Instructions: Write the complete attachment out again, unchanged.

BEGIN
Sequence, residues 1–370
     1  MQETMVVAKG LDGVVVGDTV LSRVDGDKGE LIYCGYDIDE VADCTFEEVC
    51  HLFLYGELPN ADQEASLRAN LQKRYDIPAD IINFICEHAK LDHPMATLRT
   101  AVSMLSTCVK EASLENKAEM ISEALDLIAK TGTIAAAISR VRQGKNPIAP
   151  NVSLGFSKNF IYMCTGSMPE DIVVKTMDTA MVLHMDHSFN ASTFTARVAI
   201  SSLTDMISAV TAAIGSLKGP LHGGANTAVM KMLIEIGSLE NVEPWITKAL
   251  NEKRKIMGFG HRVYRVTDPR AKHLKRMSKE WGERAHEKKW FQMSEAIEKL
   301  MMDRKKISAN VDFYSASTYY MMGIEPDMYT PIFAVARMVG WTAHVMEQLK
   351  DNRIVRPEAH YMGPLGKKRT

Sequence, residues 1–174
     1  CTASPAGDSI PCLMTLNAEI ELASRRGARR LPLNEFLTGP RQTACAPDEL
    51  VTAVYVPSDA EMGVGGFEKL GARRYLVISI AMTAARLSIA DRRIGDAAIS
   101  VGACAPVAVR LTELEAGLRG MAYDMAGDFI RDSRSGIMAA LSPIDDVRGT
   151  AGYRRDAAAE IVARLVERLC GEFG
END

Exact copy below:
Sequence, residues 1–370
     1  MQETMVVAKG LDGVVVGDTV LSRVDGDKGE LIYCGYDIDE VADCTFEEVC
    51  HLFLYGELPN ADQEASLRAN LQKRYDIPAD IINFICEHAK LDHPMATLRT
   101  AVSMLSTCVK EASLENKAEM ISEALDLIAK TGTIAAAISR VRQGKNPIAP
   151  NVSLGFSKNF IYMCTGSMPE DIVVKTMDTA MVLHMDHSFN ASTFTARVAI
   201  SSLTDMISAV TAAIGSLKGP LHGGANTAVM KMLIEIGSLE NVEPWITKAL
   251  NEKRKIMGFG HRVYRVTDPR AKHLKRMSKE WGERAHEKKW FQMSEAIEKL
   301  MMDRKKISAN VDFYSASTYY MMGIEPDMYT PIFAVARMVG WTAHVMEQLK
   351  DNRIVRPEAH YMGPLGKKRT

Sequence, residues 1–174
     1  CTASPAGDSI PCLMTLNAEI ELASRRGARR LPLNEFLTGP RQTACAPDEL
    51  VTAVYVPSDA EMGVGGFEKL GARRYLVISI AMTAARLSIA DRRIGDAAIS
   101  VGACAPVAVR LTELEAGLRG MAYDMAGDFI RDSRSGIMAA LSPIDDVRGT
   151  AGYRRDAAAE IVARLVERLC GEFG